Page:The European Concert in the Eastern Question.djvu/237

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Similarities between the Treaties of Paris and Berlin War was avoided. At the Congress of Paris, Russia had to renounce the pretensions which she had gone to war to maintain. At the Congress of Berlin she had to submit to the re-settlement of her contract with Turkey from the point of view of the general interest of Europe. The treaties of Paris and of Berlin thus resemble one another, in that both alike are a negation of the right of any one Power, and an assertion of the right of the Powers collectively, to regulate the solution of the Eastern question.

Differences between the two Treaties. But these two great treaties differ considerably from one another in several important particulars. The Treaty of Paris was primarily a treaty of peace, and contains therefore a number of articles which answer the merely temporary purpose of putting an end to a state of war. The Treaty of Berlin is primarily a political settlement, supervening upon a peace, the terms of which had been previously agreed upon, as between the belligerents, by the treaty of San Stefano. Again, in 1856, Turkey and her allies were victorious, and the object of the arrangement was the maintenance of the Ottoman Empire, which was to be left to perform its promises well-doing without external interference. In 1878 Turkey was crushed, her best friends were ready to consent to her dismemberment on a large scale; there was no more confidence in her reformation from within, and we no more hear of guarantees of her integrity and independence. The Treaty of Berlin was indeed intended to Double purpose of the Treaty of Berlin. be a re-assertion of the guiding principle of the Treaties of Paris and of London, i.e. of the claim of the Powers collectively, as against Russia individually, to take cognizance of the Eastern question. But it was also intended to be a revision of those Treaties.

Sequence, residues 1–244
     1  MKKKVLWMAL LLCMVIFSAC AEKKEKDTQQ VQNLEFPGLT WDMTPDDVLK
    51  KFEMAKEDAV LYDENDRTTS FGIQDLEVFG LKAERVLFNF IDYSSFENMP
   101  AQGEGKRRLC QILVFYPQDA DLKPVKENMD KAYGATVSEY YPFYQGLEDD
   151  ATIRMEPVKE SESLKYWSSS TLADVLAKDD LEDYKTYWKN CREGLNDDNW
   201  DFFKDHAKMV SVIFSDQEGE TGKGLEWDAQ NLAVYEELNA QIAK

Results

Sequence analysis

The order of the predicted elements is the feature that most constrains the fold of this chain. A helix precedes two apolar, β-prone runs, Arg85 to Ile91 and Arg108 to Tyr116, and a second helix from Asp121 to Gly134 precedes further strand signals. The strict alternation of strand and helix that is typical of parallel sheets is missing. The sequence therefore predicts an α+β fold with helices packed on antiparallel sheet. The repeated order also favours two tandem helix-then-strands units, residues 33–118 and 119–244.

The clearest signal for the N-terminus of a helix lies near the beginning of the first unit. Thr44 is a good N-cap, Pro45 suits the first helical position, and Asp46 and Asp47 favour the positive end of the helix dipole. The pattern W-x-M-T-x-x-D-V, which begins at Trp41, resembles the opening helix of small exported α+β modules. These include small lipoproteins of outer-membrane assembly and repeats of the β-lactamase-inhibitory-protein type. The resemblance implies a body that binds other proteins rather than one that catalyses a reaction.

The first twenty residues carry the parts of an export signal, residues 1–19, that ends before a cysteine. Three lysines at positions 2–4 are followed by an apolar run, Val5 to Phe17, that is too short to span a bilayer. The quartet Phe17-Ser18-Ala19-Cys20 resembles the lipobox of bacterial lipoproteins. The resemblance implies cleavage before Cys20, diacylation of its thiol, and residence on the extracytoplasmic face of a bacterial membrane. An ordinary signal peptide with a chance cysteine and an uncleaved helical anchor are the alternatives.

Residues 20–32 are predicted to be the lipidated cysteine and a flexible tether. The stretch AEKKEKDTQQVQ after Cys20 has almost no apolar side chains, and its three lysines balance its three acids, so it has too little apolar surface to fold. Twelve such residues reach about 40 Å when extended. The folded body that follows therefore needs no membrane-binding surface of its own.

The Treaty of Berlin as a reassertion of the authority of the Powers.

1. At the opening of the Berlin Congress, Prince Bismark explained that the stipulations of the Treaty of San Stefano were in several points of a nature to modify 'the state of things as fixed by former European Conventions,' and that the Plenipotentiaries were assembled for the purpose of submitting that Treaty 'to the free discussion of the Cabinets,